Your Pet Loves You – More Than You Know!

For many of us, there is a furry-footed loved one that we call family. Or perhaps it is a feathered friend or fish that we love. We know that our heart warms at the thought of them and that we find ourselves comforted and soothed in their presence. In fact, we might find ourselves marveling at the ways that they know just how to brighten our day, especially when we are stressed.

Research suggests that many animals have an innate knack for connecting with others, often making them impeccable pets. Not only this, but many of these animals go on to become adept healers through their innate traits. Pets who provide a unique comfort for those they live with are referred to as Emotional Support Animals, or ESA’s.

Because of this unique impact that many animals offer to us, research has gone on to explore the ways that pets can enhance the lives of those living with PTSD, or post traumatic stress disorder. Pets who serve as ESA’s differ from service animals in that they are not trained to assist the struggles in any way, yet their presence and interactions do offer assistance that can facilitate healing and recovery for their human companions. In my Goodtherapy.org article on this process, I explain some of the benefits that ESA’s can offer for those living with PTSD. Click HERE for details:

With this notable impact, it is no wonder that so many of us feel better at the mere thought of spending time with our interspecies loved ones… in fact, many people report that they miss their pets as much or more than other family members! One of the reasons for this is that their pet offers them support and comfort for the challenges that they are facing with anxiety, depression, or the aftermath of a trauma.

If you find yourself benefiting from the ways that your pet enhances and contributes to your emotional well-being, you might be wondering how to go about registering your pet as an Emotional Support Animal. I have recently created a package to facilitate this so that more people can go on to experience the healing benefits of living with a beloved pet! For details, visit HERE to see how you can get started.

In what ways do you love to spend time with your pet?? Share with us in our social media pages to connect with other pet lovers who are finding their lives that much more meaningful with their furry-footed, feathered, and aquatic loved ones present!

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Wondering If It’s Time for Therapy?

Maybe you are struggling with some things going on recently or are finding yourself having a difficult time clearing your head. You might find yourself thinking about how to regain your footing and better nurture yourself. Seeking out therapy might just be the way to get back on track.

If you’re thinking about getting started with therapy, you might have some questions. I wanted to spend some time answering some general questions I frequently hear. That way, you can more readily get started on your path toward celebrating you in your life!

How can therapy help me?
A number of benefits are available from participating in therapy. Therapists can provide support, problem-solving skills, and enhanced coping strategies for issues such as depression, anxiety, relationship troubles, unresolved childhood issues, grief, stress management, body image issues and creative blocks. Many people also find that counselors can be a tremendous asset to managing personal growth, interpersonal relationships, family concerns, marriage issues, and the hassles of daily life. Therapists can provide a fresh perspective on a difficult problem or point you in the direction of a solution. The benefits you obtain from therapy depend on how well you use the process and put into practice what you learn. Some of the benefits available from therapy include:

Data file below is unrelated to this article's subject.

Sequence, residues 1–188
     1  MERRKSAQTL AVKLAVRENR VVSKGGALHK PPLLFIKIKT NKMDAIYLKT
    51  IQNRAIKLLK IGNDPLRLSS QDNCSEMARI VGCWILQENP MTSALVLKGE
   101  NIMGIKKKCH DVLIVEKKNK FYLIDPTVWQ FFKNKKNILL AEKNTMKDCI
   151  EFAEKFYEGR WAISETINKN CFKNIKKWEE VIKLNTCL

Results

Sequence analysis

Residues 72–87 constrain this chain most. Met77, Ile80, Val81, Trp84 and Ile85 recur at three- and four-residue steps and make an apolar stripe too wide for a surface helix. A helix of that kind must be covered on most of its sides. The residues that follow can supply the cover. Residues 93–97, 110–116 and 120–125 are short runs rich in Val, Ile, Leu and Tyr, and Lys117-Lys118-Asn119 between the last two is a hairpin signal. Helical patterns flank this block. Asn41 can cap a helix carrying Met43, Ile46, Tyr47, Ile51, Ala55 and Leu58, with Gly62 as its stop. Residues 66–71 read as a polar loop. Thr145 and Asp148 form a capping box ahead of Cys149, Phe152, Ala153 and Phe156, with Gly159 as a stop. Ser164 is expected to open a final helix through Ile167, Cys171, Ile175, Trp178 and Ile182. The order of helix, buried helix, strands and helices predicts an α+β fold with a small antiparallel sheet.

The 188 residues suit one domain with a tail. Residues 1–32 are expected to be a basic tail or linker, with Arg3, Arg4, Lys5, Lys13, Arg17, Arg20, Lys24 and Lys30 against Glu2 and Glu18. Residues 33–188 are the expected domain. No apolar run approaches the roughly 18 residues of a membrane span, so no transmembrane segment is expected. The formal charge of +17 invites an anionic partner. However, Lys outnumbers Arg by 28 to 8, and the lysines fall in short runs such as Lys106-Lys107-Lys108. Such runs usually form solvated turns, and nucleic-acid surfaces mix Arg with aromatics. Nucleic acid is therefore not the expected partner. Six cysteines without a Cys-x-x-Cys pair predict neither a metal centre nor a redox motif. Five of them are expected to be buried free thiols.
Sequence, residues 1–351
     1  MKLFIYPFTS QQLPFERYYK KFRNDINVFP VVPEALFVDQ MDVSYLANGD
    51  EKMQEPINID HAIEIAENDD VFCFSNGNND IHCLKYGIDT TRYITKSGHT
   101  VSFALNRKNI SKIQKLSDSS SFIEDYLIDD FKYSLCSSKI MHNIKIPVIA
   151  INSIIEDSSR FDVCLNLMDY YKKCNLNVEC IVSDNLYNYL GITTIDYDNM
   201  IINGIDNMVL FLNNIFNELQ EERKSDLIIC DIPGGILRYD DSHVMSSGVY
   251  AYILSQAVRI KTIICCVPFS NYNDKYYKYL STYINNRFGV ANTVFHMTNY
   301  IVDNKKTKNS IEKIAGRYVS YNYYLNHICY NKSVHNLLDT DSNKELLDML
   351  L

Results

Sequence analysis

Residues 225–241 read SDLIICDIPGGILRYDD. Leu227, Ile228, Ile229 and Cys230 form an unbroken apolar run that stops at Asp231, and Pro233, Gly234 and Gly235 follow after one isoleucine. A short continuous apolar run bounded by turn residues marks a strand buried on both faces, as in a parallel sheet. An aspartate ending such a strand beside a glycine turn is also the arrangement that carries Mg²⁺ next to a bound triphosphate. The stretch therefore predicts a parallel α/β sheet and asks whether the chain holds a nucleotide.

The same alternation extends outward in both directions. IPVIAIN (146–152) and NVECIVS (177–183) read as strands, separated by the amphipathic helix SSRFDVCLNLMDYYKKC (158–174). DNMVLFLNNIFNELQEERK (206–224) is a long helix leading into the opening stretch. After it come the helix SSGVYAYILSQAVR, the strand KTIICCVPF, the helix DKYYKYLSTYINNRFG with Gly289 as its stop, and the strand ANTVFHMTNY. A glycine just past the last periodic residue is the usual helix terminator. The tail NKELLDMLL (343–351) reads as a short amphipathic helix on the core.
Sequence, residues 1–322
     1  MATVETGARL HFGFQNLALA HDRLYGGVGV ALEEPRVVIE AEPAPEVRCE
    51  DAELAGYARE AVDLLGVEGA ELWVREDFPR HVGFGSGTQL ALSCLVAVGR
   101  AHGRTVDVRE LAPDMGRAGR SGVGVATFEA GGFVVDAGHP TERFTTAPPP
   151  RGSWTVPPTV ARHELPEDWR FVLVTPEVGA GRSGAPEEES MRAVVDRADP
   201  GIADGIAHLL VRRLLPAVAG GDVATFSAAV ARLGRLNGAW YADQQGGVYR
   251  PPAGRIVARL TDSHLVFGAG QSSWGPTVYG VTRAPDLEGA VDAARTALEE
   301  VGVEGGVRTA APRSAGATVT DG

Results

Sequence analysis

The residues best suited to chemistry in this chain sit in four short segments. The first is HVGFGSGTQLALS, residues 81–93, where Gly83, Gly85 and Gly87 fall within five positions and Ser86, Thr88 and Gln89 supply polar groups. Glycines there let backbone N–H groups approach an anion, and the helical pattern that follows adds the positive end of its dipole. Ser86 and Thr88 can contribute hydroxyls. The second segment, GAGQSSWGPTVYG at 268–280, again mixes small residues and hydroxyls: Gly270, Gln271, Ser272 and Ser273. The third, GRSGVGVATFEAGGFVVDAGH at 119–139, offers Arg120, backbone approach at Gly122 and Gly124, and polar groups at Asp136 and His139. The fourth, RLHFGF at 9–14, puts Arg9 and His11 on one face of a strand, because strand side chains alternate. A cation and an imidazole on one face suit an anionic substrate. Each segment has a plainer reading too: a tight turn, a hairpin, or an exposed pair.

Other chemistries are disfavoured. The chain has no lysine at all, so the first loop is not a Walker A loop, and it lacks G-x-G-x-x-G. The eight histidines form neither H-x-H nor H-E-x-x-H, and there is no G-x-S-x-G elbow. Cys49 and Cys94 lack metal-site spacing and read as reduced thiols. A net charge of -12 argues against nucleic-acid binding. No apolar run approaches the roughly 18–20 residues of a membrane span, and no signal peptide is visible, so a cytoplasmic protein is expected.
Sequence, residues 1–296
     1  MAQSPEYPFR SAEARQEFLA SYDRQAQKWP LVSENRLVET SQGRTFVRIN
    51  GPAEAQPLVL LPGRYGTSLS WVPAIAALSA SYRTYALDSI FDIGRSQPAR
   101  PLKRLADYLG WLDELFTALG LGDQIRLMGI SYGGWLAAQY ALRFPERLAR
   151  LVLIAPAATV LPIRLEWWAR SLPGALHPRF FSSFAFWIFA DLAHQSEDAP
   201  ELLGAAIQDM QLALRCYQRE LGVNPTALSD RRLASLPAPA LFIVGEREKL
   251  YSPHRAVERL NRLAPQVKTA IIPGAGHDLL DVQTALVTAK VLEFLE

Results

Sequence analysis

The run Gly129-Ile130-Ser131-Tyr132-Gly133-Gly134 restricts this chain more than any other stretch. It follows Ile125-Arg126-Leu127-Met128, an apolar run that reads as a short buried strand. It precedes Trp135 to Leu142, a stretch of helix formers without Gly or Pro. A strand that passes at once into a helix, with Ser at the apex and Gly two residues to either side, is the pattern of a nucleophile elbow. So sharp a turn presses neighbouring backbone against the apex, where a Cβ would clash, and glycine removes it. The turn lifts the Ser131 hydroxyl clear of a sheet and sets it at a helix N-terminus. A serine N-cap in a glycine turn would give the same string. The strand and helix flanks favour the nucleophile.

• Attaining a better understanding of yourself, your goals and values
  • Developing skills for improving your relationships
  • Finding resolution to the issues or concerns that led you to seek therapy
  • Learning new ways to cope with stress and anxiety
  • Managing anger, grief, depression, and other emotional pressures
  • Improving communications and listening skills
  • Changing old behavior patterns and developing new ones
  • Discovering new ways to solve problems in your family or marriage
  • Improving your self-esteem and boosting self-confidence

Do I really need therapy?  I can usually handle my problems.  

Everyone goes through challenging situations in life, and while you may have successfully navigated through other difficulties you’ve faced, there’s nothing wrong with seeking out extra support when you need it. In fact, therapy is for people who have enough self-awareness to realize they need a helping hand, and that is something to be admired. You are taking responsibility by accepting where you’re at in life and making a commitment to change the situation by seeking therapy. Therapy provides long-lasting benefits and support, giving you the tools you need to avoid triggers, re-direct damaging patterns, and overcome whatever challenges you face.
Why do people go to therapy and how do I know if it is right for me?
People have many different motivations for coming to psychotherapy.   Some may be going through a major life transition (unemployment, divorce, new job, etc.), or are not handling stressful circumstances well.  Some people need assistance managing a range of other issues such as low self-esteem, depression, anxiety, addictions, relationship problems, spiritual conflicts and creative blocks.  Therapy can help provide some much needed encouragement and help with skills to get them through these periods.  Others may be at a point where they are ready to learn more about themselves or want to be more effective with their goals in life.   In short, people seeking psychotherapy are ready to meet the challenges in their lives and ready to make changes in their lives.
What is therapy like?